Sam Bankman-Fried to testify in his defense

Sam Bankman-Fried, the founder of the now-bankrupt FTX exchange, is gearing up to testify in his own defence as early as Thursday.

Accused of orchestrating a massive fraud scheme that allegedly involved embezzling billions from customers of his bankrupt cryptocurrency exchange FTX, the 31-year-old’s decision to take the stand comes after weeks of damning testimony against him by former colleagues.

Defence attorney Mark Cohen confirmed Bankman-Fried’s intention to testify during a court hearing on Wednesday, a bold move that grants prosecutors the opportunity to cross-examine the former billionaire. Legal experts have described this move as high-risk, given the testimonies from Bankman-Fried’s associates painting a bleak picture of his character.

Bankman-Fried, who has pleaded not guilty, has taken an unconventional approach throughout the trial. Unlike many defendants, he chose not to maintain a low profile after being charged. Instead, he publicly shared his perspective on the case through blog posts and engaged with multiple journalists.

The prosecution alleges that Bankman-Fried utilised the misappropriated funds to support his crypto-focused hedge fund, Alameda Research. Prosecutors claim that Alameda siphoned FTX funds through special trading privileges on the exchange, further accusing Bankman-Fried of making speculative venture investments and contributing over $100 million to U.S. political campaigns.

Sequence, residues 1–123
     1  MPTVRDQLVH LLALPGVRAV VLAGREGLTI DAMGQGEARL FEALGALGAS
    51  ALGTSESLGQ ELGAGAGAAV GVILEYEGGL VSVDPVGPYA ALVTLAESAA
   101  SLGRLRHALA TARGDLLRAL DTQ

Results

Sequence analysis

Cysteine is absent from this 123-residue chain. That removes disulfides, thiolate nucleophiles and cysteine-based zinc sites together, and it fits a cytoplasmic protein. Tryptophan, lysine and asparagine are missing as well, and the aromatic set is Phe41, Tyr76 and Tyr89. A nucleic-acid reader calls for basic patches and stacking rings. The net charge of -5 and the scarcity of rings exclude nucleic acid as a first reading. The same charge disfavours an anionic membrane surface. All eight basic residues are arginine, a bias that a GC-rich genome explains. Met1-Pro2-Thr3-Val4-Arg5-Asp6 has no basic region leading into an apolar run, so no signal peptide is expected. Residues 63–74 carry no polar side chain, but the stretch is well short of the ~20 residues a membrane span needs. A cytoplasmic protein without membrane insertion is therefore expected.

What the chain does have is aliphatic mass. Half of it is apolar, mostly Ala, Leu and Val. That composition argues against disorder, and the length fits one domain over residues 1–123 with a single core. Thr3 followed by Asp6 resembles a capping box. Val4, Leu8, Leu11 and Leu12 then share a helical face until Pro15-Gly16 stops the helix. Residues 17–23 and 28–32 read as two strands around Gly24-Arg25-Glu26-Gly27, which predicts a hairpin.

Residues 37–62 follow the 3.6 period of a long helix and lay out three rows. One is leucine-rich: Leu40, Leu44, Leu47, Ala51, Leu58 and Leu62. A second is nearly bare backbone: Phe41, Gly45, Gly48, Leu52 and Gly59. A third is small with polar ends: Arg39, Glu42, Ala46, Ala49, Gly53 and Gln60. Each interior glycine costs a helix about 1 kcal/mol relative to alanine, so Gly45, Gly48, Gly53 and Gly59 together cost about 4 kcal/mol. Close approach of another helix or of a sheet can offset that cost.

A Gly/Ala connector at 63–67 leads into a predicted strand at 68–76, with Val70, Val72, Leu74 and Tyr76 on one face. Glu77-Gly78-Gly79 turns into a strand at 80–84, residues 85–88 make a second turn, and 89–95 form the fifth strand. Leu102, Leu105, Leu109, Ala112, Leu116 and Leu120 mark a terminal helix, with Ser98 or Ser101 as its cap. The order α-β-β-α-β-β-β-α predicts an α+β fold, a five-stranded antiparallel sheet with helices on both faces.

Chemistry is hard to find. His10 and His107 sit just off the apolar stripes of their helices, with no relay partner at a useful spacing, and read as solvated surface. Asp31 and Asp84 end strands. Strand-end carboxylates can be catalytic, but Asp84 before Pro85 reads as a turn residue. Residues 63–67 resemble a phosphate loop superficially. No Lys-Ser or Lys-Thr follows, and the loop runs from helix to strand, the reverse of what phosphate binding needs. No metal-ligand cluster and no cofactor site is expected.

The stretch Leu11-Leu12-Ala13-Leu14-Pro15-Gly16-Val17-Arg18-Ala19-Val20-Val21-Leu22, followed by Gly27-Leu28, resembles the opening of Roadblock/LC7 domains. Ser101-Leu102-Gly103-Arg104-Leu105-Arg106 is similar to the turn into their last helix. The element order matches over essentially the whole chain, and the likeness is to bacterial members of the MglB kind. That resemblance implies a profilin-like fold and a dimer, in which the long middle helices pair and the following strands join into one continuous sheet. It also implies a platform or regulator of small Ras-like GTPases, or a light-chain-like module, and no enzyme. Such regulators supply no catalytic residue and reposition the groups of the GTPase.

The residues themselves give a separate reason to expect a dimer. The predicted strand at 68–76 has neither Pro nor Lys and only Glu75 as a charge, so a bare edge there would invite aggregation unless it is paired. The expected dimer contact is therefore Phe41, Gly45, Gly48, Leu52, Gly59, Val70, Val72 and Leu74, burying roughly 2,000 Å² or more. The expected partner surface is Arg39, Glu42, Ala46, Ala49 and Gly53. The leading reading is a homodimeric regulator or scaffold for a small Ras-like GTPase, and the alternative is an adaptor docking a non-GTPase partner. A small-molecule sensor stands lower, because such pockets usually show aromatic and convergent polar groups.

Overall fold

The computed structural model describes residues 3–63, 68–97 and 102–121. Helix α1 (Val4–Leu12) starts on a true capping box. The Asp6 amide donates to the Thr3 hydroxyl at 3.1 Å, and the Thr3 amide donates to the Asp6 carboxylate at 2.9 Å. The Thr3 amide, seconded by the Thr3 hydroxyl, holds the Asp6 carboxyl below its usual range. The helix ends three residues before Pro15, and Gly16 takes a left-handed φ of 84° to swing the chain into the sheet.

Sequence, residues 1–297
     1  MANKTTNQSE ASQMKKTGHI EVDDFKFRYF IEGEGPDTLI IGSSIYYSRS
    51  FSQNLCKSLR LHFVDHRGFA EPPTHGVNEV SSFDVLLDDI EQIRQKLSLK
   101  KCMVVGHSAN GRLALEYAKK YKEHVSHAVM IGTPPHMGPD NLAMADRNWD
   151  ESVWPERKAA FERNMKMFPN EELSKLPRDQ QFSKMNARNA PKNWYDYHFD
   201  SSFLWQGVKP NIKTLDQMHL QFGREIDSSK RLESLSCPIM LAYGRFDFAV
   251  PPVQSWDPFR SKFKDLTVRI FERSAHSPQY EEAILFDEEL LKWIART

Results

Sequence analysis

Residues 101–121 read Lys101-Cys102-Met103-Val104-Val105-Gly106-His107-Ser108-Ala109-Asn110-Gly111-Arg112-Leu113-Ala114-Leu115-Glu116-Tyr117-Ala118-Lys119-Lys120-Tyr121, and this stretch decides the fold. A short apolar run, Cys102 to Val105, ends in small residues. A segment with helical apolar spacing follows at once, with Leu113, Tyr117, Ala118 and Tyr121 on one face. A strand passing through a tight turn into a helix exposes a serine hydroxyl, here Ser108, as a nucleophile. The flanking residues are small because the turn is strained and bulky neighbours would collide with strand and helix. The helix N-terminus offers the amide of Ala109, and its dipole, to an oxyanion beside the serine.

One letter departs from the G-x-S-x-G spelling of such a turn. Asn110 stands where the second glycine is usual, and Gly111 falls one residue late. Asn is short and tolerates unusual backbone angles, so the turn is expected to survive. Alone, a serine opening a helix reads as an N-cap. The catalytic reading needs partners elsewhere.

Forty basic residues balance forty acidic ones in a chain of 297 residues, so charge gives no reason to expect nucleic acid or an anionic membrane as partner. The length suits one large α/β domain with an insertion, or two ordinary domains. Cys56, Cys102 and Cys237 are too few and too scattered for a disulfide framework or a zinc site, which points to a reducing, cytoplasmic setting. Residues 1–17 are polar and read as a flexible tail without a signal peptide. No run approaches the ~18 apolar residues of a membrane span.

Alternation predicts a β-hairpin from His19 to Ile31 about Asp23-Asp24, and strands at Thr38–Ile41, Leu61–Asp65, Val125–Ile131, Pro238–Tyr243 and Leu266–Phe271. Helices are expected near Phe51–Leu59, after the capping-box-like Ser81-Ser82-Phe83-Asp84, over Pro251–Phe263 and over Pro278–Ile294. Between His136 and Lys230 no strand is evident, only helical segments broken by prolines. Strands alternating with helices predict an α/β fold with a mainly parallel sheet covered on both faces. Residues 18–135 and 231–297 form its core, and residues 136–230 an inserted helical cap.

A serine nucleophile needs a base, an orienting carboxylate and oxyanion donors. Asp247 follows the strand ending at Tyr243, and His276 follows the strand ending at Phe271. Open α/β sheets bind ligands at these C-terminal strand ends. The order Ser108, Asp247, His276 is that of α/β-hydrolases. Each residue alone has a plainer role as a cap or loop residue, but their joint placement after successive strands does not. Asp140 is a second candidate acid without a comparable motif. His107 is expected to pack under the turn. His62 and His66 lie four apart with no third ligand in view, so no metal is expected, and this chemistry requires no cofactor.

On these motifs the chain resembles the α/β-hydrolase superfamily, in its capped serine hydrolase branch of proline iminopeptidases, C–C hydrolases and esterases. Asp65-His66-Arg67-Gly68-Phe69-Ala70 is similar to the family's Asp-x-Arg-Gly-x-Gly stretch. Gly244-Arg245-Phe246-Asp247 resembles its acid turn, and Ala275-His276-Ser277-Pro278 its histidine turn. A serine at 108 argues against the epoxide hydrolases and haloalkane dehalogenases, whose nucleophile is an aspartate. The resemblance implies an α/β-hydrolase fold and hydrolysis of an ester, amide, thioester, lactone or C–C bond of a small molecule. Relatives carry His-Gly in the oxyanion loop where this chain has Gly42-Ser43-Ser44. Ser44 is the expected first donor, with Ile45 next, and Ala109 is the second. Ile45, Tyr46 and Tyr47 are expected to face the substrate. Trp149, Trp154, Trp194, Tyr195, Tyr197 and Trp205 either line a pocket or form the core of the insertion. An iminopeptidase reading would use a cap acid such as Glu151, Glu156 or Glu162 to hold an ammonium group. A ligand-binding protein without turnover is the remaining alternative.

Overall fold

During Wednesday’s court filing, Cohen expressed his intention to question Bankman-Fried about lawyers’ involvement in structuring loans from Alameda to FTX executives, a crucial method prosecutors claim was used to divert funds from unwitting customers. Cohen argued that Bankman-Fried’s awareness of legal participation in these transactions indicates his good faith belief in their appropriateness.

Additionally, prosecutors may press Bankman-Fried on why he failed to disclose Alameda’s privileges to FTX customers or equity investors. They are also likely to question his decision to reassure the public via social media, stating FTX was “fine,” while allegedly being aware of the exchange’s multi-billion-dollar shortfall during a wave of customer withdrawals last November.

Cohen, however, emphasised that Bankman-Fried retains the right to choose not to testify, leaving the courtroom in suspense as the trial unfolds. The defence team aims to conclude its case by Friday, potentially paving the way for closing arguments and jury deliberations next week. If convicted, Bankman-Fried could face severe consequences, including decades in prison.